Concurrent AURKA and MYCN Amplification in Primary Prostate Adenocarcinoma Is Associated with the Development of Lethal Neuroendocrine Prostate Cancer
Kyung Park, Himisha Beltran, Theresa Y MacDonald, Scott T Tagawa, David M Nanus, Mark A Rubin, Juan Miguel Mosquera. Weill Medical College of Cornell University, New York, NY
Background: Neuroendocrine prostate cancer (NEPC) is an aggressive variant of prostate cancer that most commonly arises from existing prostate adenocarcinoma (PCa), with likely clonal origin. There is currently no effective therapy with most patients surviving less than one year. Recent work identified the overexpression and amplification of Aurora kinase A (AURKA) and N-myc (MYCN) in metastatic NEPC, evidence that they cooperate to directly induce a neuroendocrine (NE) phenotype in PCa, and are targetable with Aurora kinase inhibitor therapy (AKI). We evaluated primary prostate tumors of patients that later developed lethal NEPC and metastases for presence of AURKA and MYCN alterations.
Design: 180 primary PCa tumors were evaluated, of which 64 tumors were from patients who later developed NEPC (low serum PSA, increased serum Chromogranin A, metastatic disease). These included 19 acinar PCa, and 45 mixed small cell/ acinar to pure small cell carcinoma. 8 metastatic tumors were available, 6 of which had matching primary PCa for evaluation. Histology of metastases included 6 mixed small cell/acinar to pure small cell carcinoma (pleura, pelvic bone/soft tissue, epidural, colon), and poorly differentiated adenocarcinoma (liver, brain, spine). Fluorescence in situ hybridization (FISH) using centromeric and target gene probes was performed and correlated with histological findings. 20 benign prostate tissue samples were used as controls.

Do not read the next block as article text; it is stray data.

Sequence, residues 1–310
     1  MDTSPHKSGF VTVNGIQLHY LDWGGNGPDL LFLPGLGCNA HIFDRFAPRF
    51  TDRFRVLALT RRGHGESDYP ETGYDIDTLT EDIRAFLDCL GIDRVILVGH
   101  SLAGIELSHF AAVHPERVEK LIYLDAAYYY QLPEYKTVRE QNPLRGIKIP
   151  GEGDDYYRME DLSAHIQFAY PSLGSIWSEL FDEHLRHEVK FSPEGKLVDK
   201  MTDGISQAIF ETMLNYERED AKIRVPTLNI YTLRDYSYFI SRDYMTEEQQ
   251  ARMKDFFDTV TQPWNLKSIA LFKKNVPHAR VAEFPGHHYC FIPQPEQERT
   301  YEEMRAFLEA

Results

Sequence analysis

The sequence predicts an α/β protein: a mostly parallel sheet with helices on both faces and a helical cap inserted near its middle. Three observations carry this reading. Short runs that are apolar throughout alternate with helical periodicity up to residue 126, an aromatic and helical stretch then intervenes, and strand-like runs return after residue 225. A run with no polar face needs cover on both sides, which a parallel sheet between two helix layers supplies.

Results: AURKA and concurrent MYCN amplification were identified in 75% of evaluable primary PCa of patients that later developed NEPC. In contrast, AURKA and MYCN amplifications were identified in 5% of 116 cases of an unselected PCa cohort. When metastatic NEPC was compared to primary PCa of same patient, there was 100% concordance of AURKA and MYCN amplification. In metastatic tumors with mixed features, there was 94% concordance between AURKA and MYCN amplification. 0% benign prostate harbored AURKA and MYCN amplification.
Conclusions: AURKA and MYCN amplification occurs early and is nearly always concurrent despite their location in separate chromosomes. Its presence in primary PCa identifies patients predisposed to the development of an aggressive and lethal NEPC variant. These patients may benefit from early intervention with AKI therapy. Therefore, AURKA and MYCN amplification may be new prognostic and predictive biomarkers.
Category: Genitourinary (including renal tumors)
Tuesday, March 20, 2012 1:00 PM
Poster Session IV # 113, Tuesday Afternoon